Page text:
When Saying Sorry Isn’t Enough

by

Is saying sorry really isn’t enough?

This is a question I have pondered recently when I needed to gently rebuke one person in my inner circle. I have no problem calling the attention of my children or my youngest brother when I see that they are not doing what is expected to do. I also practice this gentle rebuke to the ladies under my discipleship group. Though I haven’t really called their attention about something, I know I have encouraged them to just do what the Bible tells us to do whenever there’s a habit or an attitude that needs to be changed.

Going back to my question, help understand why it seems my apology is not enough. I had to reprimand this person, whom I will Martha. Over the past years, I have been observing the actions of Martha and this other person, whom I will call Luke. Martha is single. I’ve known her for a very long time. She has a great work attitude and is dedicated. Luke on the other hand is separated from his wife and children. He is known in the community as a philanderer and I have seen that first hand. And Martha is aware of this man’s reputation.

I saw these two people engage in flirtatious acts which made me really uncomfortable. I questioned myself, do I have to be part of this? Do I have to be involved? The answer was yes because they are in my sphere of influence. I believed God has allowed me to witness this just for nothing. He put me there for a reason. I don’t know what but I believe it is to talk some sense to these people. I took weeks before I was brave enough to confront Martha about the situation. I prayed for days until finally one evening, I had the courage to speak to her.

The conversation was relaxed. I shared with her my observations and inquired about her relationship with Luke. At first, she laughed and denied the whole thing. She gave me an explanation as to why the closeness and I accepted what she claims to be the truth. We ended okay or so I thought.

After a few days, I saw Martha again. This time she was cold. I tried to start a conversation with her but she avoided me. Days had passed and whenever we had a chance meeting, she would go to another direction just to avoid me. This went on until it finally got in my nerves.  I began to doubt if my gentle rebuke was wrong? I couldn’t stand the thought of knowing that something sinful is going on in my face and I won’t do anything about it? Would I just be a spectator? The Bible says in 2 Timothy 4:2 Preach the word; be prepared in season and out of season; correct, rebuke and encourage—with great patience and careful instruction.Even the prophet Nathan rebuked King David for the sin he committed against Uriah and the Lord as expounded in 2 Samuel 12.

I know I was doing my job as a Christian but why the response? After doubting what I did, a sudden rush of bad thoughts came to mind. “Maybe they really have a relationship” or “She hates you for confronting her and exposing the sin” I allowed these thoughts to linger until I reacted in an unchristian way. I did as the Bible told me not to do. I fought evil with evil. But after days of feeling miserable and disheartened I came to God one morning asking what to do in this situation. Lord, how can I solve this problem?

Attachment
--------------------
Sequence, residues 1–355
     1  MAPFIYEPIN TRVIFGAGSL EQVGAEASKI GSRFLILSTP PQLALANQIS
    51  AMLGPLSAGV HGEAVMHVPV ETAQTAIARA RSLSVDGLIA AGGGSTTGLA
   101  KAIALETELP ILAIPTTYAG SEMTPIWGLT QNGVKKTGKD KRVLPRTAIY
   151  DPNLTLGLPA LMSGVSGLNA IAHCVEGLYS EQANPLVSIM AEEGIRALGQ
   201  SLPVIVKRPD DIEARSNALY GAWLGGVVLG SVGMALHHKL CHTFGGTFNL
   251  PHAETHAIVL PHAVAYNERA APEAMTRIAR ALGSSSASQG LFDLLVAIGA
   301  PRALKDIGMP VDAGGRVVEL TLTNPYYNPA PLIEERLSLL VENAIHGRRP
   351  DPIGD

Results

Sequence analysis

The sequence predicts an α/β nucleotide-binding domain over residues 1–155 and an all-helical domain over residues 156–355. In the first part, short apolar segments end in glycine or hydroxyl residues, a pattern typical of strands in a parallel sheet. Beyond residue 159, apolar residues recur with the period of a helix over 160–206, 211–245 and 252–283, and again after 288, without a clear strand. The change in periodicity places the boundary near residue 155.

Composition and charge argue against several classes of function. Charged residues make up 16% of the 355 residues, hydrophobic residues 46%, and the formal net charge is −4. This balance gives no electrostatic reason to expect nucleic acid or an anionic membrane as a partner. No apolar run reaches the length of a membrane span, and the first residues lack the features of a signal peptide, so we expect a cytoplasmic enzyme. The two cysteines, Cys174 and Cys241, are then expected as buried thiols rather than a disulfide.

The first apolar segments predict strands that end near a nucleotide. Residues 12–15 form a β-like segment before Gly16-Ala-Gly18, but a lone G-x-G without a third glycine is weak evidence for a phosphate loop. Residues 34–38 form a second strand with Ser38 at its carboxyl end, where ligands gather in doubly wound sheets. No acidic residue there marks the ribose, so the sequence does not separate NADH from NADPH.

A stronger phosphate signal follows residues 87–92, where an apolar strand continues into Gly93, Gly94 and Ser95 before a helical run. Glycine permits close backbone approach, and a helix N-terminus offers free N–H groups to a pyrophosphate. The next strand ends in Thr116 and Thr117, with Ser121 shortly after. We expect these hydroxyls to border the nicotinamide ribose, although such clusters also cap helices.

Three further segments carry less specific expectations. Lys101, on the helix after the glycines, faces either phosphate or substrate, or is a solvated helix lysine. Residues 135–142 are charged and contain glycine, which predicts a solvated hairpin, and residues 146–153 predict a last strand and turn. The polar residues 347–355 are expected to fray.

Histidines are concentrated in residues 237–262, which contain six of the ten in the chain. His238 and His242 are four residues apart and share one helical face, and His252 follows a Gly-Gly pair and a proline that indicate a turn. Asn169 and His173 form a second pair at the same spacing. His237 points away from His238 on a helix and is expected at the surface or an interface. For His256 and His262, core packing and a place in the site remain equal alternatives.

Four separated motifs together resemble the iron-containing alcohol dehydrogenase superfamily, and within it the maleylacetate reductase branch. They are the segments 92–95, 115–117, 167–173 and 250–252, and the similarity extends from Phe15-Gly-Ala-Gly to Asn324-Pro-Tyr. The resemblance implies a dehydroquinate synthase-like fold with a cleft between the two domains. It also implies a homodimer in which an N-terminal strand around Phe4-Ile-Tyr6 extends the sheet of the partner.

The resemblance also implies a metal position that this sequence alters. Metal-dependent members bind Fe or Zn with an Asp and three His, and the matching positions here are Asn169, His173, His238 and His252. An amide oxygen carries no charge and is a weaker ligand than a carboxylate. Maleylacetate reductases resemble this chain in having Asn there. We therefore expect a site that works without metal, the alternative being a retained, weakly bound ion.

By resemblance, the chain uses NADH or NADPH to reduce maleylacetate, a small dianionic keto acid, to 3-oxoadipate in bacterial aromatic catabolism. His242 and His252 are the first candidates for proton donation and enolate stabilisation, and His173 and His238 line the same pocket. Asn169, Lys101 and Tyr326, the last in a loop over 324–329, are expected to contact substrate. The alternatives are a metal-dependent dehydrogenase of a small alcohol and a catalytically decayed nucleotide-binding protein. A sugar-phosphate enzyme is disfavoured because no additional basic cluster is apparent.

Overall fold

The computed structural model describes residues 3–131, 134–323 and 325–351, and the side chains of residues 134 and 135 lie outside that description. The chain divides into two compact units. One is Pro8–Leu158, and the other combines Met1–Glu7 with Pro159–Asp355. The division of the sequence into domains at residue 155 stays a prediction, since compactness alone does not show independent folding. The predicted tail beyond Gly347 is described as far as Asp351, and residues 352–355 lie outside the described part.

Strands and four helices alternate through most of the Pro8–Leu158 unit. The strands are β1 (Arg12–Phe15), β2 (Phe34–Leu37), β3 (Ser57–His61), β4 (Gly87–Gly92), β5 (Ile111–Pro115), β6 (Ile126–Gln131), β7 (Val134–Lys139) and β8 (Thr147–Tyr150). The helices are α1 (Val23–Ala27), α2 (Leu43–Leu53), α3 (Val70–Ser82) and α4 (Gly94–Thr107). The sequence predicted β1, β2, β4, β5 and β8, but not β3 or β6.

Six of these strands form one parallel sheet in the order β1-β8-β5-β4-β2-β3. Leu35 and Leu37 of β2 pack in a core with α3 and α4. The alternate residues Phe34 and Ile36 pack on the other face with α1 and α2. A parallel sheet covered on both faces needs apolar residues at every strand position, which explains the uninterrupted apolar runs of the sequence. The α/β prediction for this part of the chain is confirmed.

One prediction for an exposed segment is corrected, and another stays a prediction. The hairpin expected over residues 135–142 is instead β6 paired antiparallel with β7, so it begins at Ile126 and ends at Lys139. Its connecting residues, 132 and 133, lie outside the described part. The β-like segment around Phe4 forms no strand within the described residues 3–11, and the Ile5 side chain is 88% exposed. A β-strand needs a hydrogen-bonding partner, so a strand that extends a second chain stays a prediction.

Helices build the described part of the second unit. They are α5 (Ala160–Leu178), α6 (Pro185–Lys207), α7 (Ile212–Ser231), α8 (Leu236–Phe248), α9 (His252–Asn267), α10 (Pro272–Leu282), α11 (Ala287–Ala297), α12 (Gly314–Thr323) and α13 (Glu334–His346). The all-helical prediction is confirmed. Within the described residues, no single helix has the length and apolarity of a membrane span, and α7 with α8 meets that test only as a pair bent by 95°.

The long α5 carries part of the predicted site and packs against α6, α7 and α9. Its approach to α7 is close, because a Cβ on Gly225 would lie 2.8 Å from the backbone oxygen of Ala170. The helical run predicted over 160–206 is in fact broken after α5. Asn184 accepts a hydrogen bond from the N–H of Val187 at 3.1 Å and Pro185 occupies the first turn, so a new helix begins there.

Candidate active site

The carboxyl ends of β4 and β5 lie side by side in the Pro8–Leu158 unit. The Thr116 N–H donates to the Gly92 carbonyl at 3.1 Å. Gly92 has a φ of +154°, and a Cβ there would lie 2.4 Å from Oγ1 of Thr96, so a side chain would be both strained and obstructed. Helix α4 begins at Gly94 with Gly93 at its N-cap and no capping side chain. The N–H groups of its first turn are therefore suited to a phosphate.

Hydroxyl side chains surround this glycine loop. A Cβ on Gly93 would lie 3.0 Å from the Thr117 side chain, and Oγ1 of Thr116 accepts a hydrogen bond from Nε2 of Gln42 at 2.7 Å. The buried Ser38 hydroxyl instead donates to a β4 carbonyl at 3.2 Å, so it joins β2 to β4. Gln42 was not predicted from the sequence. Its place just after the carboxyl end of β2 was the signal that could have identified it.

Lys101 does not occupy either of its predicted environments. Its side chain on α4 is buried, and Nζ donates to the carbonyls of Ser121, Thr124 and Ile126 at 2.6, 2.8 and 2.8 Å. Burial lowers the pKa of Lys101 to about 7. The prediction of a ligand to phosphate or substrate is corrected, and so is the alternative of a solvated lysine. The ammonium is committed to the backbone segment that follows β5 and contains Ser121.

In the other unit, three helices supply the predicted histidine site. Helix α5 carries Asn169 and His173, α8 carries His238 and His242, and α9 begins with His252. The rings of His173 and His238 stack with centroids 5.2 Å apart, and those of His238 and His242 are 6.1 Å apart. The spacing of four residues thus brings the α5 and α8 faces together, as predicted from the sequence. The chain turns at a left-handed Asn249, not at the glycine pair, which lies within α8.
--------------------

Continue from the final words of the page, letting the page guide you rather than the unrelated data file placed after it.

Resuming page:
A verse came to mind very clearly it was “Live in peace with each other”. I grabbed my Bible and searched for it and I found it in 1 Thessalonians 5:13b. It goes on to verse 15 which says “Make sure that nobody pays back wrong for wrong, but always strive to do what is good for each other and for everyone else.”

Armed with the mercy of God that day and that verse stuck in my head, I went to talk to Martha. This time she was civil to me. Neither did she avoid me. I told that I acknowledge her hurt feelings after the talk we had. I assured her that it was not my attention to judge her or hurt her feelings. I just wanted to clarify if my suspicions were correct and to gently remind her that if she pursues that relationship, the Lord will not be pleased. I am speaking like an elder sister because I was concerned about her welfare. I sincerely apologized if I have offended her. I added that we’ve known each other for a very long time and this should not cause our relationship to drift apart.

Tears fell down her cheeks. I assured her that she still has my trust and I will believe whatever she tells me. She told me to let her be for a while. She will be back to her normal self again just give her some time. I believed that too.

A week has passed since that tearful day and there was no change in her attitude towards me. I’m still uncomfortable when I’m around her. I could sense that she still avoids me once in a while. Am I wrong to feel impatient towards her? Is my sorry isn’t enough?